Friday, May 05, 2006

Workers unite:

The NYT reported yesterday that there is some unease in the African-American community about the current Latino immigrant movement and its call for civil rights. Some blacks bristle at the suggestion that the civil rights struggle and the immigrant rights demonstrations are similar. Blacks, after all, were unwilling immigrants forced to come here to become slaves. Mexicans on the other hand come here willingly and it is feared that they are in the process taking jobs away from lower income blacks and forcing wages down.

Rachel Swarns writes also that, "some fear the unfinished business of the civil rights movement will fall to the wayside as American turns its attention to a newly energized Hispanic minority with growing political and economic clout."

I would say Jesse Jackson probably has a better take on this when he says, "We too were denied citizenship. We too were undocumented workers working without wages, without benefits, without the vote. We should feel honored that other people are using tactics and strategies from our struggle. We shouldn't say they're stealing from us. They're learning from us."

What those who fear the Latins must keep in mind is that the powers-that-be don't want black Americans siding with the Latinos. Imagine a solid bloc of blacks and Latinos marching together demanding higher wages for all, not just for legal workers. (Marching with the Minutemen won't get you there.) If employers were forced to pay workers a decent wage regardless of their legal status that would pretty much eliminate the race to the bottom.

Throughout history, big corporations and southern landlords have pitted poor blacks against poor whites in order to control both. Blacks were used as strike breakers, which assured that their white unionized counterparts, hated them and would never join up with them to fight the common enemy. In the 30's the New Deal through the AAA tried to bring fair compensation to black and white share croppers alike in the south, but were stymied by the intransigence of the southern cotton barons and their influence with southern congressmen in the Democratic party. FDR needed southern lawmakers to get his New Deal legislation passed and he couldn't afford to jeopardize the greater good, so he had to make a trade off.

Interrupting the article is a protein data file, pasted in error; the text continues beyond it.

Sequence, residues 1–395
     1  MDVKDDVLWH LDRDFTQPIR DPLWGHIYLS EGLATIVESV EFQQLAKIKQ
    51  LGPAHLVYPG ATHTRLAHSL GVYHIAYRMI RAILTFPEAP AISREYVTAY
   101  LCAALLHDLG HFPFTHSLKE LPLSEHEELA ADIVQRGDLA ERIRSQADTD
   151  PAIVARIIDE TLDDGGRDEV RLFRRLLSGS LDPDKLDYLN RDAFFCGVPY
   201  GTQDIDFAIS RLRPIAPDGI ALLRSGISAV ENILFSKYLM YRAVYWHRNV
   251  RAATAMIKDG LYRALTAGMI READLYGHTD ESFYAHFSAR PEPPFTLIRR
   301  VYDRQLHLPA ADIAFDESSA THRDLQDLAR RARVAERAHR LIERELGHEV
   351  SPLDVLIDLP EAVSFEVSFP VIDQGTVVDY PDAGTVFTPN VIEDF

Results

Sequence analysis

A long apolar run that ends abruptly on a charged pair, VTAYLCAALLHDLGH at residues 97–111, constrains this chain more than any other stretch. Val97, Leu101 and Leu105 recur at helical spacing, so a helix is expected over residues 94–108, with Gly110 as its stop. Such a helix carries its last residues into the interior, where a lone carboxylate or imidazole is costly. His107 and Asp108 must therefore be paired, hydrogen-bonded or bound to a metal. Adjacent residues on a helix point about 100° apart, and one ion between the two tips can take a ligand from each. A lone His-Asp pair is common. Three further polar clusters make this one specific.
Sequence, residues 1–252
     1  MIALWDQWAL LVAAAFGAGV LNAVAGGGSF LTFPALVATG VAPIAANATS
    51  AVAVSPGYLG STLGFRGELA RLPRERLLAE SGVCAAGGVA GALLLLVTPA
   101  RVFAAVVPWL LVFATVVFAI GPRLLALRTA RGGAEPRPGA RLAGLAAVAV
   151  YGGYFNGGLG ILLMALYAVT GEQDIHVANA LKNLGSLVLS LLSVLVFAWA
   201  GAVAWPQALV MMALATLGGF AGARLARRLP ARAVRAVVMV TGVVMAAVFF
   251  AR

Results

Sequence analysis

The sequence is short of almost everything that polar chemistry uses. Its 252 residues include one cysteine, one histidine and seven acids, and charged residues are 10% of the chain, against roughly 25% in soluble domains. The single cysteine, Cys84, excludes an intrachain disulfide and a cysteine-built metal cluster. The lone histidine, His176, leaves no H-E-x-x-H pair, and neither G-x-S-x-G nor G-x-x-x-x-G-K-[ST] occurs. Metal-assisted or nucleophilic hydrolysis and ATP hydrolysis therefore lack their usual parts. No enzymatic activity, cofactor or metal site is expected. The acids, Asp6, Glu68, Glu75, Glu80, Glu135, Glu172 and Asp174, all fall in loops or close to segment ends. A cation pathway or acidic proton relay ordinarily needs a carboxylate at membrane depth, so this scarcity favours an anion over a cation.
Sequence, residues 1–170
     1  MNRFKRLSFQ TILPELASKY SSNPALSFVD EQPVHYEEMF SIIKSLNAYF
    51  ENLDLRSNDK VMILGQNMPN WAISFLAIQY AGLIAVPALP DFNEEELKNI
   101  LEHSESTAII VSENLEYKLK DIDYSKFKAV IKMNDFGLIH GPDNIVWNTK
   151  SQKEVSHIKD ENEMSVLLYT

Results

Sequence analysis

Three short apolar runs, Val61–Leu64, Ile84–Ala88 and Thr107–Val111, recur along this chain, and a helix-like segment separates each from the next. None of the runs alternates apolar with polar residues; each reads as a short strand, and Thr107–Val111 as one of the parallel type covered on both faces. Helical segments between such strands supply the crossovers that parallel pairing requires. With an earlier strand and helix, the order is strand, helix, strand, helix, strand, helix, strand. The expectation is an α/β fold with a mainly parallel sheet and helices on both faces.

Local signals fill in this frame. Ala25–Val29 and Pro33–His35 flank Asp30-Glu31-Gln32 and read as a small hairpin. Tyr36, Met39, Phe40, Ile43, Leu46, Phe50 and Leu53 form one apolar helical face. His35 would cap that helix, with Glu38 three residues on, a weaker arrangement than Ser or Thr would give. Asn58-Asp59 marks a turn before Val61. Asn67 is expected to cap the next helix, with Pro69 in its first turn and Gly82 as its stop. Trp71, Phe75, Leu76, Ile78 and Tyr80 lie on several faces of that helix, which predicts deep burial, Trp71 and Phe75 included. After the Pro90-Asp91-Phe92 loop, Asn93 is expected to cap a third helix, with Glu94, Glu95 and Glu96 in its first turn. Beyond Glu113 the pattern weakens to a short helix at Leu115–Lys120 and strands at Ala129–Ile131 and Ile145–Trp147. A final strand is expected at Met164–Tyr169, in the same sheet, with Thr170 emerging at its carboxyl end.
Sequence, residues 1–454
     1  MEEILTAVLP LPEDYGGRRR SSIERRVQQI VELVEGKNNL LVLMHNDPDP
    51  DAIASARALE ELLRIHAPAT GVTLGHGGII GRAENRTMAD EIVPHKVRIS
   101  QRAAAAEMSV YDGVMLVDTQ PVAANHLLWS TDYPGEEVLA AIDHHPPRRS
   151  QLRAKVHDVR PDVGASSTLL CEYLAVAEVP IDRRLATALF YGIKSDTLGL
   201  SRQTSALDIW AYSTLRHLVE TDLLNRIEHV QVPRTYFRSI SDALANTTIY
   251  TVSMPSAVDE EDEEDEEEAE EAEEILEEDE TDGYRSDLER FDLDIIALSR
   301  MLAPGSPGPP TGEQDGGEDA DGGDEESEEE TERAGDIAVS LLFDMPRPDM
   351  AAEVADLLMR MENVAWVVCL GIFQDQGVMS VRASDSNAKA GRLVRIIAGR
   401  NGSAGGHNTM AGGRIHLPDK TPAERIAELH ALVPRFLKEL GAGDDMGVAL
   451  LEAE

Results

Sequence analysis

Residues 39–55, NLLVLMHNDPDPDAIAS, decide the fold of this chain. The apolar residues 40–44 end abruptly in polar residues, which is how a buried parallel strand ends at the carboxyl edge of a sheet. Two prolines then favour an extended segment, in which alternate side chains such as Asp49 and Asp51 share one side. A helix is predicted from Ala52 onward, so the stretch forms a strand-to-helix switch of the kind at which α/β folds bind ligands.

Regardless of the odds stacked against them, though, dirt poor white and black share croppers joined together to form a union. In July of 1935, in a schoolhouse in Tyronza Arkansas, the croppers met to form the Southern Tenet Farmers Union. Ultimately, the landlords and the local sheriffs prevailed and broke up the union but their efforts were historic and heroic.

An elderly black share cropper explained the facts to his white brethren:

"The same chain that holds my people holds your people too. If we're chained together outside we ought to stay chained together in the union. The landlord is always betwixt us, beatin' us and starvin' us and making us fight each other. There ain't but one way for us to get him where he can't help himself and that's for us to get together and stay together."

The same goes for low wage blacks, whites and Latinos today. It may be a tired old cliché, but there is safety and power in numbers.

Another historical fact that people should keep in mind is the preemptive war that president Polk started in 1846 against Mexico, which was waged in part to get more land for the southern slave interests and to increase their political and economic influence versus the richer north. The war cost the U.S. $27 million and 27,000 dead over two years and ended when the Marines marched into the Halls of Montezuma and forced the Mexicans to give up half their territory for $15 million. Presently, California is such a rich state that it would be the fourth or fifth richest country if it was on its own. Imagine if Mexico still had it and most of the south west. Probably, we wouldn't be too worried about illegal immigration from Mexico.

Ulysses S. Grant wrote "To this day regard the war which resulted as one of the most unjust ever waged by a stronger against a weaker nation. The Southern rebellion was largely the outgrowth of the Mexican war. Nations like individuals, are punished for their transgressions," and we still are. Viewed in this light we shouldn't be so high and mighty our great moral superiority.

[Note: While we're not forgetting the Alamo, let's not forget the Tejanos.}


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